I quickly named the machine nomad, put my favorite programs on it, and put it on my network.  Nomad is a Toshiba Satellite A105-S2081 computer. I have updated the drive to 40gb, and the ram to 1 GB. No further changes have been required, or wanted. This machine comes with me on all of my trips, and adds a bit of civilization to my camping and travel. The first really long trip I took with this machine was a 19 day journey to the Southwest. I have many great memories of that trip; but two involve this computer.

        On my first day of travel, I made it all the way from Milwaukee, to  a point on the Oklahoma Turnpike, part way between Oklahoma City, and Tulsa. It was getting late, I had come a long way, and I was tired. The turnpike has these huge combination picnic areas, rest stops, truck stops and general stores. I stopped at one. Pulling over, I found a place to park, among acres of trucks. I stopped in at the cafe, and looked around the general store, before calling home and then turning in for the night. I fired up the computer, took a sandwich and soft drink out of my cooler, and settled down in the bed, at the back of my conversion van.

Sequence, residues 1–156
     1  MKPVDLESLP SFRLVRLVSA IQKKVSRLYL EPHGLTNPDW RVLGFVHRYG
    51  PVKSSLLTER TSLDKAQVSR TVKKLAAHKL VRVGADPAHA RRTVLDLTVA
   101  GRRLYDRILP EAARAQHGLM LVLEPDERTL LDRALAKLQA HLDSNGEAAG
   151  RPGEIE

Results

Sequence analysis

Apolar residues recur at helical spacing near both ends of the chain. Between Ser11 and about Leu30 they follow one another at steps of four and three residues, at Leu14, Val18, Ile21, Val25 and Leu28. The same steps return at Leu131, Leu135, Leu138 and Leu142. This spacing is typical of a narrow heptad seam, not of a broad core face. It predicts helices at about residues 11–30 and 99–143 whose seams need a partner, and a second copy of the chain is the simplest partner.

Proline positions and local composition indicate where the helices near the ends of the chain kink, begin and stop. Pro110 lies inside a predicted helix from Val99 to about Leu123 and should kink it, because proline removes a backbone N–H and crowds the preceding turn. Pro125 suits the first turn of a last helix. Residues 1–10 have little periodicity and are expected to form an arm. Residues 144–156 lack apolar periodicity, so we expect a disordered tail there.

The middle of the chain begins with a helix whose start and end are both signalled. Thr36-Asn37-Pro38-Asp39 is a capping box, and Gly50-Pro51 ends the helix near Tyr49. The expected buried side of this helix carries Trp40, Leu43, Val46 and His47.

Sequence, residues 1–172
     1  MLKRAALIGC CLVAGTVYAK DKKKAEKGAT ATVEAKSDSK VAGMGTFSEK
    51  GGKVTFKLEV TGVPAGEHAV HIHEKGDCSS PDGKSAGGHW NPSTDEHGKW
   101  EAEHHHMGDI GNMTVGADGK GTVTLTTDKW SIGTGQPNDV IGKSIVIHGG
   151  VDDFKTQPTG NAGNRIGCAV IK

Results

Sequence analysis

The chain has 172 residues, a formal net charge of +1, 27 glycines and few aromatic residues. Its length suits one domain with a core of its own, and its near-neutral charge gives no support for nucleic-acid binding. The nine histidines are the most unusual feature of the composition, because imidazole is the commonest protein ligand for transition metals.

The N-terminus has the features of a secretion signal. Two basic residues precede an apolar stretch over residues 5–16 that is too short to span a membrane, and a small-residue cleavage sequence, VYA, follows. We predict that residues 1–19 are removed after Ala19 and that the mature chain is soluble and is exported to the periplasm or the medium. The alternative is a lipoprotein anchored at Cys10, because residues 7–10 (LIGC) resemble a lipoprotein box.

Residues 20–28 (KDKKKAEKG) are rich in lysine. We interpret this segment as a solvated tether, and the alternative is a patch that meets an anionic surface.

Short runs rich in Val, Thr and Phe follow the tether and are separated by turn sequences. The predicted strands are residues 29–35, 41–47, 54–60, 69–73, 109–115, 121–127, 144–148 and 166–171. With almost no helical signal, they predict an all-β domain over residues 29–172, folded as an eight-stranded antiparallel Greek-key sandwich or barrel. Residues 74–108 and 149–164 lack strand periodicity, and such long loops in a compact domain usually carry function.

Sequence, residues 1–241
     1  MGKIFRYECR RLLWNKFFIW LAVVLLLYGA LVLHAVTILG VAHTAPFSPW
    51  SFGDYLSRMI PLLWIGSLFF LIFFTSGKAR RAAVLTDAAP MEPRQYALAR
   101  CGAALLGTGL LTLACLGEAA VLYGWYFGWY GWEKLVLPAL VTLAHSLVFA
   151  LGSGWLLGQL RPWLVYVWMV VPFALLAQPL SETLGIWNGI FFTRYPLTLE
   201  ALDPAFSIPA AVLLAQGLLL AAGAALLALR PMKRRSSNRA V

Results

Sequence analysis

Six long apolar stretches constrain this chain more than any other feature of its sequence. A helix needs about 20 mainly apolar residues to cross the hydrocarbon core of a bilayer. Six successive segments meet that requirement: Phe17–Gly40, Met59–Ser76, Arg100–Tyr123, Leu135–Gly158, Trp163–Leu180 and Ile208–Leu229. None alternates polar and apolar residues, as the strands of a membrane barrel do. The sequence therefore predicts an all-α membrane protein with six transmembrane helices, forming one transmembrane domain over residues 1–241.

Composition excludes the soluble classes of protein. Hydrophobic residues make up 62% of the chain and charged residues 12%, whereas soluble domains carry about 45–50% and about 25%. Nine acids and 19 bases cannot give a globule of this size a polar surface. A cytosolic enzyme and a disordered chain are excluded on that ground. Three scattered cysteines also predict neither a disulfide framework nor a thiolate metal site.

Laying in the back of the van, I had my reading light on, and was busy loading the digital photos I had taken, in to the computer, in order to give me an empty camera memory the next day. While doing this, a looking the photos over, I saw an indicator on my computer, that advised me a wireless network was available. Accessing the network, I sent off some emails, sent some photos to friends and family, and had myself a pretty good time. I was miles from home, out in Oklahoma, and yet I was right at home. A few days latter, I had a similar experience at the Grand Canyon, where I had arrived after 10:00 P.M, after having driven all day. Everything was closed, and everything was that deep dark that you only see when far away from the cities. Backing into my camp site, I shut the van down, changed into my robe and slippers, got some dinner out of my cooler and settled down in from of my computer to look at pictures and write. I then put in a DVD, and drifted off to sleep. From that time on, my laptop always comes with me on any trip. The whole works, including keyboard, mouse, card reader, 90 watt power supply, and blank CDs fits into a nice little carrying case.